New Jersey hospital systems that were running into each other's arms are now running the other way, deciding that bigger is not necessarily better, especially when they're incompatible.
Six-hospital Atlantic Health System, based in Florham Park, N.J., and eight-hospital Robert Wood Johnson Health System, based in New Brunswick, N.J., said last week they have abandoned plans to merge into what would have been the state's largest healthcare organization.
And separately last week, Via Caritas Health System, a 2-year-old network of New Jersey Roman Catholic hospitals, confirmed that it's about to dissolve.
They joined several other hospital systems across the country last week that acknowledged merging doesn't always produce the promised results (See stories, p. 20 and p. 28).
The alliance between Atlantic Health and Robert Wood Johnson, first announced by both systems last June, would have created an organization slightly larger than Saint Barnabas Health Care System in Livingston, N.J. The merged system would have had 14 hospitals in 11 of the state's 21 counties (June 29, 1998, p. 46).
"I think we're all finding out that bigger is not necessarily better," said Harvey Holzberg, Robert Wood Johnson's president and chief executive officer. "People no longer perceive these big systems as being community-sensitive."
Richard Oths, president and CEO of Atlantic, said the split grew out of differences of opinion on the "breadth and depth of integration," and disagreements over how the two would merge.
Before merger talks fell apart, the plan was for Oths to become CEO of the system with Holzberg as chief operating officer, said Michelle Lazzarotti, spokeswoman for Atlantic Health.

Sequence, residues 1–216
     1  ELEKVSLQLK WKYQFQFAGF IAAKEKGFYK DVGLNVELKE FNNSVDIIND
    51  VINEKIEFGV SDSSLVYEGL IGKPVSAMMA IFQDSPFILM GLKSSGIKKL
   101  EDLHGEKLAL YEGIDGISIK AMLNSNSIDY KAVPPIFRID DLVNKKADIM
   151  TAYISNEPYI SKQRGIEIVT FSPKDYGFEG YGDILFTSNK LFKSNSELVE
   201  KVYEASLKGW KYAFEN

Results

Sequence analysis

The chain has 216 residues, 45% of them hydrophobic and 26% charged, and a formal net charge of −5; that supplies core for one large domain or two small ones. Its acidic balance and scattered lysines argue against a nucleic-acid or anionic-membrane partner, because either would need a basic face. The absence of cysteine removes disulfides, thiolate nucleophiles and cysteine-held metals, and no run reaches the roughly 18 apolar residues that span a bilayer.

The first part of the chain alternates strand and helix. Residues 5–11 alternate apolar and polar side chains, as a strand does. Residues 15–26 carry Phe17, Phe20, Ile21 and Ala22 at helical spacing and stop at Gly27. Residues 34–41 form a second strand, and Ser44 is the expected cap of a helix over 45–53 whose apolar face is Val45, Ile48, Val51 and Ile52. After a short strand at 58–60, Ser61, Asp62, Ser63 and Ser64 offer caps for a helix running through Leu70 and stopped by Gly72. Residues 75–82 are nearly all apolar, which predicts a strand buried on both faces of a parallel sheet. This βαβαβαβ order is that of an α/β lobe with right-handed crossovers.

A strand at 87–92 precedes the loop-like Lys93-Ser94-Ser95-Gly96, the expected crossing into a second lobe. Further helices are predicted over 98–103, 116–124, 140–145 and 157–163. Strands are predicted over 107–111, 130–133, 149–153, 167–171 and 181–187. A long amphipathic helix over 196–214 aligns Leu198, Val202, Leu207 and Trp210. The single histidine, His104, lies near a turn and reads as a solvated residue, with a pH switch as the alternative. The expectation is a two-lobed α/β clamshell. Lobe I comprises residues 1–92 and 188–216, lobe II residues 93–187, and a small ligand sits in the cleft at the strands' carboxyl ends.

Holzberg said the Robert Wood Johnson hospitals are more autonomous than the fully integrated Atlantic Health hospitals.
Robert Wood Johnson partners with the University of Medicine and Dentistry of New Jersey-Robert Wood Johnson Medical School.
Both CEOs said one reason the alliance failed was a difference in missions. Robert Wood Johnson emphasizes its teaching hospital, and Atlantic focuses on its ties to the community.
Robert Wood Johnson system's flagship hospital is 430-bed Robert Wood Johnson University Hospital in New Brunswick. Atlantic's largest hospital is 575-bed Morristown (N.J.) Memorial Hospital.
Meanwhile, Via Caritas, based in Parsippany, N.J., will dissolve within the next few weeks because it could not draw enough hospitals, said Sister Jane Frances Brady, who chairs the system's board and is also CEO of St. Joseph's Hospital and Medical Center in Paterson, N.J., a member hospital.
"We hoped for nine or 10 institutions, and we ended up with three," she said.
The other two network members are St. Clare's Health Services, formerly Northwest Covenant Medical Center, in Denville, N.J., and St. Mary's Hospital in Passaic, N.J.
Brady said cost-effectiveness could not be achieved with only three members. The hospitals will continue to function independently with some joint programs, and there will be no layoffs, she said.